In interviews, Bechdel has been blowing my thesis out of the water, speaking with increased impatience about memoirists who play fast and loose with the facts. I think her own work is the best retort to this “facts are facts” take on the ethical imperatives of the memoirist—I’m inclined to see the contract between memoirist and reader as much more fluid than she’s recently averred. I’m a long way from being able to claim anything thoroughgoing about Are You My Mother?, however, other than to say that the interposition of the family narrative in the later memoir into her own romantic histories continues the patterns of interruption in Fun Home. In one amazing page, Bechdel places her mother’s timeline and her therapists’ timelines above her lovers, not an accidental hierarchy in my reading: I could imagine a fascinating essay starting at this moment.
I’d have to read a shelf full of books before I felt comfortable even bringing Are You My Mother? to a seminar room—I chickened out for “Experimental Fictions” this past fall; it certainly applies—much less writing about it, but it’s a challenge I look forward to working myself up for in the coming years. In the meantime, buy a copy.
The biggest release of 2012 to my mind was Chris Ware’s latest masterpiece, Building Stories—a graphic novel that takes the form of fourteen unique comics, ranging from three-fold inserts, to hardbound books, to a full newspaper broadsheet. One of my big regrets with the timing of the publication of The Comics of Chris Ware: Drawing is a Way of Thinking was not being able to account for this completed work in our volume. We made up for this, in part, by putting together a series of critical “updates” published as a series for The Comics Journal. I’m tremendously proud of these—12 of our original 15 contributors submitted an essay—and I’m not certain that anything like this has been done, either in comics criticism or more conventional academic writing. You can read the entire run of essays here and here, and my contribution is here (mild spoiler alert, for those who haven’t read Building Stories). With the profusion of smart aggregate sites for the writing of academics and public intellectuals, like the Los Angeles Review of Books (for which I’ll be doing a long-form piece on the career of Ivan Brunetti in the coming months), I’m hopeful that opportunities to do this kind of writing that reaches a wider readership will only increase in the coming years.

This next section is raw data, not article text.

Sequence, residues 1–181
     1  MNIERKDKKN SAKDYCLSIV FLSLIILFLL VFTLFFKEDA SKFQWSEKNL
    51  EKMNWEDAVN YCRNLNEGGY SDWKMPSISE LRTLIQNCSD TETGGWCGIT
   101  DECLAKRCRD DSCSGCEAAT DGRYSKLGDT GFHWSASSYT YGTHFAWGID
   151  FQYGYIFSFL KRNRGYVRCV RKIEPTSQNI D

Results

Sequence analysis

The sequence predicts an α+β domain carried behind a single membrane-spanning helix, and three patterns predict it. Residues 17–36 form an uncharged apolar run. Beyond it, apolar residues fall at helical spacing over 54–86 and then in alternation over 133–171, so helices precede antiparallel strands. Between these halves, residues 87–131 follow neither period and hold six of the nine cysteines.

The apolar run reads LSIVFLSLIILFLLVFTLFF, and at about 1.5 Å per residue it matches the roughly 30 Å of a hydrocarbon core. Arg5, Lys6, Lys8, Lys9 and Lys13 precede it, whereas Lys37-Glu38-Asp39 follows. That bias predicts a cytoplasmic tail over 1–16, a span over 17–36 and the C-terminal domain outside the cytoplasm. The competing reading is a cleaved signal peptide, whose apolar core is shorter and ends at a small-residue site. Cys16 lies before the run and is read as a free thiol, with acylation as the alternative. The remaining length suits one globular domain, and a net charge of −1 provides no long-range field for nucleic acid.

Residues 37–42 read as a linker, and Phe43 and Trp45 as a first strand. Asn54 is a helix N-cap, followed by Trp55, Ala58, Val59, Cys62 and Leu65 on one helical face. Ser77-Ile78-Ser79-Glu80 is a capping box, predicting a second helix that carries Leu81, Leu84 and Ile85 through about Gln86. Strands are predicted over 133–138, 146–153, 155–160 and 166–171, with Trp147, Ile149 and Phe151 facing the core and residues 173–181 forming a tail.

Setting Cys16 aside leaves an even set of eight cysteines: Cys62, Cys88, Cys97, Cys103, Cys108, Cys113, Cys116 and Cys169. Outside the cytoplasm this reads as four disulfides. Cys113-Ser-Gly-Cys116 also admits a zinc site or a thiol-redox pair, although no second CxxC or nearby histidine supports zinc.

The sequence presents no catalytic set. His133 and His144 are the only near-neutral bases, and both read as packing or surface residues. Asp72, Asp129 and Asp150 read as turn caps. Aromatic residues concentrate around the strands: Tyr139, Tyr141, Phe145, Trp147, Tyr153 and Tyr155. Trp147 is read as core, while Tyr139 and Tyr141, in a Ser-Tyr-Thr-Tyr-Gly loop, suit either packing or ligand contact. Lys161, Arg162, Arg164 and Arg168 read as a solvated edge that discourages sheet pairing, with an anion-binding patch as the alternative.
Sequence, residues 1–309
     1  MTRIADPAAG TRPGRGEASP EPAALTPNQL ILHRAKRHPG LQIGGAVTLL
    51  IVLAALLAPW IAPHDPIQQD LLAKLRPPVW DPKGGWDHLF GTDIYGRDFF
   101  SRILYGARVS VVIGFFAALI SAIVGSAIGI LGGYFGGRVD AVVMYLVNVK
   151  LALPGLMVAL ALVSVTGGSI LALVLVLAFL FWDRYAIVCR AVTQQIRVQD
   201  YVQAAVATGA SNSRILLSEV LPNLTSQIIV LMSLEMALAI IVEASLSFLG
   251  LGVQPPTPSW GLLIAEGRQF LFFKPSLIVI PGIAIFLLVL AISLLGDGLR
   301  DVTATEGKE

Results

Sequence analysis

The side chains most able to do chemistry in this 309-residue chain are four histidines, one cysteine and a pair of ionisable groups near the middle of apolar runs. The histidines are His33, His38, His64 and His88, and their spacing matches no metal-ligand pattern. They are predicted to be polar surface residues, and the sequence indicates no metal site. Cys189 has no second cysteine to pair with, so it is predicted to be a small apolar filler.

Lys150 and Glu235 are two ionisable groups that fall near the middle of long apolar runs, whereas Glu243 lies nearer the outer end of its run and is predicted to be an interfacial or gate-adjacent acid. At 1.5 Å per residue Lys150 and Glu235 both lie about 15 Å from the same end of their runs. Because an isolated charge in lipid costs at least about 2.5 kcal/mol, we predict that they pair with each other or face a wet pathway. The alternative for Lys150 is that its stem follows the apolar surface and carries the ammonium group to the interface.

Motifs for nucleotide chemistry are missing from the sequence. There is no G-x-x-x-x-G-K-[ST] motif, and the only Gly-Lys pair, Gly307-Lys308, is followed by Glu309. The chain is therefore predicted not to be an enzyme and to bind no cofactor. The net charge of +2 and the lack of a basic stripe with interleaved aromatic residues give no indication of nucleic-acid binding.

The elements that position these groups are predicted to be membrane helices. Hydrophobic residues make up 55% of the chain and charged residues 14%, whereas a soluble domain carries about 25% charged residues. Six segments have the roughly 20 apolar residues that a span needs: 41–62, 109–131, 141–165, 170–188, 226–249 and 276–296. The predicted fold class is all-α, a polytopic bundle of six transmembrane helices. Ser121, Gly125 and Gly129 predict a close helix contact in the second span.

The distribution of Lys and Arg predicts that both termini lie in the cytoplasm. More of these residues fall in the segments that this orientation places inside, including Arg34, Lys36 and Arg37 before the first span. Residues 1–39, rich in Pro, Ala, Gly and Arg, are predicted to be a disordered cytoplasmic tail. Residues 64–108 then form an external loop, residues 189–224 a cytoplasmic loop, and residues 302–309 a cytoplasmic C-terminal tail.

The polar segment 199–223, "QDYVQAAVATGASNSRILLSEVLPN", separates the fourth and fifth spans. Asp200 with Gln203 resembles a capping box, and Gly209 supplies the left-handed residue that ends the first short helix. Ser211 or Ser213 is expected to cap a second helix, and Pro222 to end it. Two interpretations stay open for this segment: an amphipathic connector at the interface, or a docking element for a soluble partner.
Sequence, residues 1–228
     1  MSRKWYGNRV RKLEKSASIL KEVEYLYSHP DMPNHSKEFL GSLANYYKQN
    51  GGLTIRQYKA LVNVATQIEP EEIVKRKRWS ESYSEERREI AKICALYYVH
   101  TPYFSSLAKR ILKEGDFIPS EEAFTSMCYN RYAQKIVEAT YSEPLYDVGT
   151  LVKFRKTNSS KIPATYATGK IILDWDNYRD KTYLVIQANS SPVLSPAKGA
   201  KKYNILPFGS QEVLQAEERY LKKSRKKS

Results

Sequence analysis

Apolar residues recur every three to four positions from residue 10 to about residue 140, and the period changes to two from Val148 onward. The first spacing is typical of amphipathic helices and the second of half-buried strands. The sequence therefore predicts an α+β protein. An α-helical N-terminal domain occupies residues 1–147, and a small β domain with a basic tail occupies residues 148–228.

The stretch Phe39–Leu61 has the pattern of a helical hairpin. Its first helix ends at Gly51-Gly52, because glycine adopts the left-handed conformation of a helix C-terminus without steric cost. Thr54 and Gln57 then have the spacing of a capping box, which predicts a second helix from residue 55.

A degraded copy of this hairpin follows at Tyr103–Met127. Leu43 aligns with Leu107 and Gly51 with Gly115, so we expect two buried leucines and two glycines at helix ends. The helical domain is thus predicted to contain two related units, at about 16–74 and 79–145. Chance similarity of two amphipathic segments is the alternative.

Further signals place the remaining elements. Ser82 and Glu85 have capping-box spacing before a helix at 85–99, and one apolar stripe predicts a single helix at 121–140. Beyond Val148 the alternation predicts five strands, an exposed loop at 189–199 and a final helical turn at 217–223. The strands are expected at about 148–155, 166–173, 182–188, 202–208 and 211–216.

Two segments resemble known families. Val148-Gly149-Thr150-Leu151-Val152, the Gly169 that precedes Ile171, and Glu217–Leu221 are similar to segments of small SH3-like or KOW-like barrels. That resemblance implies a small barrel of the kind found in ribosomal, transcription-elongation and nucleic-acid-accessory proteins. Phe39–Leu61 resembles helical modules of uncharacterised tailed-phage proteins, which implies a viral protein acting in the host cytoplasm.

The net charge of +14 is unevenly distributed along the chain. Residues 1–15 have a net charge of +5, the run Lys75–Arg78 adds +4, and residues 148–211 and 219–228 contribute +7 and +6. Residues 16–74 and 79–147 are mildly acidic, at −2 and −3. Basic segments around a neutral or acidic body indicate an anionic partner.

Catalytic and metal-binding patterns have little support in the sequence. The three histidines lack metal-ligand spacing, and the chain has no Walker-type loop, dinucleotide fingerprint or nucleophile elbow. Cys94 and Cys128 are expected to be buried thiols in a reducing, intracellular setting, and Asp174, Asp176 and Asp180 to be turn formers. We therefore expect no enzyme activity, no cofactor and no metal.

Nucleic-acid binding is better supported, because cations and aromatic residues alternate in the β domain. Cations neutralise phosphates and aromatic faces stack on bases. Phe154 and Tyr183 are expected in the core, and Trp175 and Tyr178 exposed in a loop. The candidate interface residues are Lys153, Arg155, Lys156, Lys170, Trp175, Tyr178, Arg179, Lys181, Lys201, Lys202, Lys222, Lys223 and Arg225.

I also took the plunge, a few weeks after Phil Nel did the same, of teaching Building Stories in the context of my “Experimental Fictions” class. The course ran from Edgar Allan Poe to present, beginning with Ware’s 2005 ACME Novelty Report and a class trip to the Small Press Expo where I had the distinct pleasure, courtesy of the boundless energies of Bill Kartalopoulos, of interviewing Ware in person. (Due to AV blunders, many of my own doing, I didn’t get audio or video of this, although the whole thing was translated into Spanish, which I can’t read. In unrelated news, my chapter from TCCW is also being translated into Spanish as part of an anthology. I also won’t be able to read that. The closest I found to a recap of what happened is here.). Ware has the ability to speak in whole paragraphs in ways that my brain can’t fully process in the moment, but the audience didn’t revolt, so I think the event was largely a success.